Cryptocurrency Wallets: All You Need to Know
The first encounter with the crypto wallet thematic caught my attention immediately. It is fascinating how the term is identical and at the same time differs from the one outside the digital world. Back inside, these tools have multiple layers, as well as methods to protect the content they deal with. What is more, the process of sending and receiving is not only your call but a combination of circumstances, which we will explain further in the article.
The actions, available with your crypto wallet can be connected to the paper money and credit cards. You can directly use cash when buying something, or simply landing it to friends and family. The bank product - credit cards, are a tool of the middleman, that have your money and you depend on it in so many ways.
Having that in mind, let’s jump to the crypto wallet by comparing the cash to the cryptocurrency. It is the port or place, where you receive, store and send coins. Usually, when doing any action within the wallet, there are no fees. When you decide to send to others or even trade or deal with an exchange (the third party), you will have additional taxes for the services. Sounds familiar? Yes, that is the connection to the credit cards and banks, that we wanted to outline. Let’s dig deeper and peel each layer of information, that there is about cryptocurrency wallets.
What is a crypto wallet?
This is a program, that helps you manage cryptocurrencies. It generates and stores two codes, known as the public and private key, which are the poles of that whole idea and execution. You use the private key to access the program (something like your pin code) and the public one (similar to IBAN or bank account number) to direct the coins flow from and to your wallet.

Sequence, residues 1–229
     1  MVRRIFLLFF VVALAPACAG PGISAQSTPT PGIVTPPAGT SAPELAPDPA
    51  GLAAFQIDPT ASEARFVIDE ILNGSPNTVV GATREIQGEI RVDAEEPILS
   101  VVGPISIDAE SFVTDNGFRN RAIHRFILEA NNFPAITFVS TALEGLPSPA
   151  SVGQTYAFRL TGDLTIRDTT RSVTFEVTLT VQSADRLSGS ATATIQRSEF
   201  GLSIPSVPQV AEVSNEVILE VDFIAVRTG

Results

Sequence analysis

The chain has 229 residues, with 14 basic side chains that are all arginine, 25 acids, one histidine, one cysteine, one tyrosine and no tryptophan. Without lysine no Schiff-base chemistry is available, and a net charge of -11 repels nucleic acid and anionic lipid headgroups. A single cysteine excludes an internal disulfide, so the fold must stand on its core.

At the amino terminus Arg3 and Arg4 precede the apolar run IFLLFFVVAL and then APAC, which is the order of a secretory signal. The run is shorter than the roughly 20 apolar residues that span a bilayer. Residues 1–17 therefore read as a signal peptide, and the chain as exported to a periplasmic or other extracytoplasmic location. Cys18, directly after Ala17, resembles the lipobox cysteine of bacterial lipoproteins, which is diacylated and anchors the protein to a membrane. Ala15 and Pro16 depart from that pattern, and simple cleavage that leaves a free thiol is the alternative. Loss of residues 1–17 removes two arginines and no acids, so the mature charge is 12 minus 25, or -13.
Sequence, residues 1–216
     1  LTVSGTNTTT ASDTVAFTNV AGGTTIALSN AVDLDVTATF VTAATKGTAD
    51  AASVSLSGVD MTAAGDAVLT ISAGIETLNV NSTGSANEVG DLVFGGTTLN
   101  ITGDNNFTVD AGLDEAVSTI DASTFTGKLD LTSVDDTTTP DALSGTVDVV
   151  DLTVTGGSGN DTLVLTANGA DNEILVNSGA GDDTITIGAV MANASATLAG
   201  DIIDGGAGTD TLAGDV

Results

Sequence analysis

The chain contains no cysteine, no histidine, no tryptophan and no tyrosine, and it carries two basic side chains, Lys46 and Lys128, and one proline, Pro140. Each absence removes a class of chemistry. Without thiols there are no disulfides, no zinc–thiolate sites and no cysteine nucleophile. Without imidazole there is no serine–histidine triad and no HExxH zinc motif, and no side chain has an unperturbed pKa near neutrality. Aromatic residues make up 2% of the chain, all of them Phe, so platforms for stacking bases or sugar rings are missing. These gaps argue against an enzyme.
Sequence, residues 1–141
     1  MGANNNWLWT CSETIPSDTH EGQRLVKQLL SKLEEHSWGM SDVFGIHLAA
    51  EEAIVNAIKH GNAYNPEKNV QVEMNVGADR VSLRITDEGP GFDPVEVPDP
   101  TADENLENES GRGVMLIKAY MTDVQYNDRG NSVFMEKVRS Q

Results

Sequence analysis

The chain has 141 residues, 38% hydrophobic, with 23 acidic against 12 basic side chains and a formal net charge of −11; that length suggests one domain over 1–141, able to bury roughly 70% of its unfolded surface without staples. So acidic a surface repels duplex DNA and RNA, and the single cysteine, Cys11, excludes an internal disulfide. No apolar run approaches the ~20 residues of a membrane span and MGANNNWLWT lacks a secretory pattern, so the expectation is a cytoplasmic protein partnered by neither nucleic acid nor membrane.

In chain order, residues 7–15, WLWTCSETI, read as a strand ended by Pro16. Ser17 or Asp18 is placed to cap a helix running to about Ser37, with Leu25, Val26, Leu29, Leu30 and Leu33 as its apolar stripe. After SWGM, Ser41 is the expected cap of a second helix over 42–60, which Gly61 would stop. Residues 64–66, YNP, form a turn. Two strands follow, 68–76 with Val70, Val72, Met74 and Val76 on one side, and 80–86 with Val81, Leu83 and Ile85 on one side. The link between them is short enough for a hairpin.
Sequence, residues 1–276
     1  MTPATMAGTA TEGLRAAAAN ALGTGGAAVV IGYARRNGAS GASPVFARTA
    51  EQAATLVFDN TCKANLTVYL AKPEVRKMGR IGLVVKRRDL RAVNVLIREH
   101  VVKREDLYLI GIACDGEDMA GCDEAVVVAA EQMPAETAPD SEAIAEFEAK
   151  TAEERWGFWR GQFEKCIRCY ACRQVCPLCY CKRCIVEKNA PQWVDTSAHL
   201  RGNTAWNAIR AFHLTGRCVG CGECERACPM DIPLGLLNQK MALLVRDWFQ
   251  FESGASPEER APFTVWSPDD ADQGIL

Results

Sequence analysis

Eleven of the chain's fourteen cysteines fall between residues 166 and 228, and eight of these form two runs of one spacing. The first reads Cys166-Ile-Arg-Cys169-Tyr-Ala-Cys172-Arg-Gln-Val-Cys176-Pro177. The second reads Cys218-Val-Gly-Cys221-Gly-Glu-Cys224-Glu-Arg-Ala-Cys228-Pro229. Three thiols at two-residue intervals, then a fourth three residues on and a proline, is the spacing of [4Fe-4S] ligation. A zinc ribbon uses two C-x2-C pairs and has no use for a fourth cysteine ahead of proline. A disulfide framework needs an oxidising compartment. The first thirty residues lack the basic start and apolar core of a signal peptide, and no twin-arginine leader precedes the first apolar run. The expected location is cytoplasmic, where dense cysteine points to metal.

In order to be part of the crypto-sphere network, the wallet is an essential entrance point and constant connection to the blockchain. Whoever has access to the private key, related to an address containing funds, can perform a transaction and spend every coin inside.
How it works? What does it do?
Here is the time to emphasize on one very important aspect of the crypto wallets’ mission. Let’s first explain one misleading idea first – where are the coins really stored? This is not in the wallets, but in the blockchain. Public and private keys are your way to reach it, so you can supervise the balance and run other operations.
In other words, when somebody sends you Ethereum for example, they sign the ownership of a certain amount to you, well to your public key (wallet address). That way, they are saved in the blockchain and accessible only by you, through your private key in combination with the public one. This pair dependency is automatically created by the wallet. In case they don’t match, the sender’s wallet balance will decrease, but yours won’t increase.
Different kinds of cryptocurrency wallets
Crypto wallets are separated by their functionality (storing and accessing your digital coins) and safety (internet accessibility). We have explained each variation, but first, have a look at them in the table below. Like that, you will get the main idea of why they are separated in such manner: